Jesuits are at a critical juncture in the evolution of Catholicism. A hollowing-out of traditional beliefs and customs is apparent. Prohibitions against discussing possible alternatives and solutions—the ordination of women, the authorization of a married clergy, and the like—compound the problem of organizational debility. The patterns—the low profile, the conservative, and the ambivalent—are coping mechanisms, enabling Jesuits to get on with their lives with a sense of fulfillment, even if they are hobbled by doubt or resentment. A complex of structural changes has shattered the social and cultural terrain of Catholicism and has undermined the feasibility of a restorationist revival. The gist of such interpretations is the dual nature of the crisis facing the Society: a steady decline in membership and the damage wreaked by a reactionary Vatican.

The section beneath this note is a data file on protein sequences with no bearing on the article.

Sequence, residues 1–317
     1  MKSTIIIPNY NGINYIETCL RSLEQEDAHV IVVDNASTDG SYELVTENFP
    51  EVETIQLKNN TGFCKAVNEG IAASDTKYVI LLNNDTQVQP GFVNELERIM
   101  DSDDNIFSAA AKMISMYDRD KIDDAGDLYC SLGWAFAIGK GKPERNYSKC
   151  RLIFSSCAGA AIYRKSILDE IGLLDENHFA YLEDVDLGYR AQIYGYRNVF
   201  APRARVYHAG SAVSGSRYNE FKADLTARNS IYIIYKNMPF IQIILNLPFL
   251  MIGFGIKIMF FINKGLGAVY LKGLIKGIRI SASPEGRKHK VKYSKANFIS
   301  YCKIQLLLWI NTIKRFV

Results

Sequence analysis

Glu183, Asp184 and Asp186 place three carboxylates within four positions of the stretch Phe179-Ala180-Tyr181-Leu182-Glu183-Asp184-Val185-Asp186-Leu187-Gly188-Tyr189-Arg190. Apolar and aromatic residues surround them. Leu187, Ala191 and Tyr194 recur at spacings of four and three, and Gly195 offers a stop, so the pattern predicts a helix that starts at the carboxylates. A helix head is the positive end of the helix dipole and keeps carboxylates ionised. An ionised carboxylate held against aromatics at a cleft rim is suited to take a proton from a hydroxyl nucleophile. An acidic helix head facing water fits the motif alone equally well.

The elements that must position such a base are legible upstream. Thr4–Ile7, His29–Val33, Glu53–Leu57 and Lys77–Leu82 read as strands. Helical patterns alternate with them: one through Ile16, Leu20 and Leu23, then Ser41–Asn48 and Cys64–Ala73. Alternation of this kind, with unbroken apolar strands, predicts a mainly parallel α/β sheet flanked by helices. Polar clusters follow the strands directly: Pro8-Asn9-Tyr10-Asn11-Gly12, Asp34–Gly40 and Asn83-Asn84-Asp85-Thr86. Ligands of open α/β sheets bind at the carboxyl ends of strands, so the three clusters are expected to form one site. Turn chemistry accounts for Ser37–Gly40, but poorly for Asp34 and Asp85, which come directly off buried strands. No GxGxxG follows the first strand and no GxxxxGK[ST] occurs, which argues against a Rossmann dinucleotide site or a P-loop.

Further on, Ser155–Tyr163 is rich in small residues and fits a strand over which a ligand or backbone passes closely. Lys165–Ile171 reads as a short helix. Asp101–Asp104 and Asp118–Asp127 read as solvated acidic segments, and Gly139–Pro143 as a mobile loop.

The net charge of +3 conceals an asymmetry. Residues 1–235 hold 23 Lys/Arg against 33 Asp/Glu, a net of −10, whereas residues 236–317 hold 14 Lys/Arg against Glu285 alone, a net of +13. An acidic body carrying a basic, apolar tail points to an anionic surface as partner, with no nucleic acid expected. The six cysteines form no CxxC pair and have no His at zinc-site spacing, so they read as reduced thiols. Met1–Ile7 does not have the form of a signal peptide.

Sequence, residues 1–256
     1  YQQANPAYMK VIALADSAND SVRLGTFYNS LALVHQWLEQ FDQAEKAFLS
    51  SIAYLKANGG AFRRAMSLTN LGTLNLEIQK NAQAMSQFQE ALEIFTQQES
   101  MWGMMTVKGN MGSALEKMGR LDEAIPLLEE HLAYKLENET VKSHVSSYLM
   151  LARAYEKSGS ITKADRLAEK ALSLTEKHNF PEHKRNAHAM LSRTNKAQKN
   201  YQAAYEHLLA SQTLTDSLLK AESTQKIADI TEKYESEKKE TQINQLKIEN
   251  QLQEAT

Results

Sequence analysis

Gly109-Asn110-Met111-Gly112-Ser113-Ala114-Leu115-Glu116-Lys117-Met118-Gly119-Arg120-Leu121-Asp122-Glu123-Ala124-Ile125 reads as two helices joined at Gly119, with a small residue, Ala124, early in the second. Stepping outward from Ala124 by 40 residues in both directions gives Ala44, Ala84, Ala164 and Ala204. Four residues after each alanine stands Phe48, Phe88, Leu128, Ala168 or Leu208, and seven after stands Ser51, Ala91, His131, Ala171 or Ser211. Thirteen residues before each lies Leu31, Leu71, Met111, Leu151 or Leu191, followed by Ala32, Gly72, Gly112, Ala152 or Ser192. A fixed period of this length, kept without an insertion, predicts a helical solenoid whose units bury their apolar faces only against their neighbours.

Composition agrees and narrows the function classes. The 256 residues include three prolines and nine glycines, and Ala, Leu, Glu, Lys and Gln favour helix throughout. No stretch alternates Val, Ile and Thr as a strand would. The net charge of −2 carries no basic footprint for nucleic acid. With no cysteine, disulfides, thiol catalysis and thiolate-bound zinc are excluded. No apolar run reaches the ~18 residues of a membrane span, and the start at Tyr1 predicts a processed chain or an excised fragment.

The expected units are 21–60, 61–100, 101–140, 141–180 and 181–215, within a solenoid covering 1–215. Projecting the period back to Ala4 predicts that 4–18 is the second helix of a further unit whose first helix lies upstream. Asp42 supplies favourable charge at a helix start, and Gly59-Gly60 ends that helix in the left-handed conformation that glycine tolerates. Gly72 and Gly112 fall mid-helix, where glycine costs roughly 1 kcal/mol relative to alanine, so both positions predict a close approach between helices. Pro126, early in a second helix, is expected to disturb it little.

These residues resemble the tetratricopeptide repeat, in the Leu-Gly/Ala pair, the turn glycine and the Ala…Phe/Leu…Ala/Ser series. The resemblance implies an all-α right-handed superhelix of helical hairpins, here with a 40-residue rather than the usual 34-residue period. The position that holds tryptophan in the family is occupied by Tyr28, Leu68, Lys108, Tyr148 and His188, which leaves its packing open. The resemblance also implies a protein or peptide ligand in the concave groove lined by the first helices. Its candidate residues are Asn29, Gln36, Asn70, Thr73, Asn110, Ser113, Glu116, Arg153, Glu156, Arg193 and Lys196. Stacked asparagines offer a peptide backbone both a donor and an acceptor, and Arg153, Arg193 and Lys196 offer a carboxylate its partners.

California Scholarship Online requires a subscription or purchase to access the full text of books within the service. Public users can however freely search the site and view the abstracts and keywords for each book and chapter.
If you think you should have access to this title, please contact your librarian.
To troubleshoot, please check our FAQs, and if you can't find the answer there, please contact us.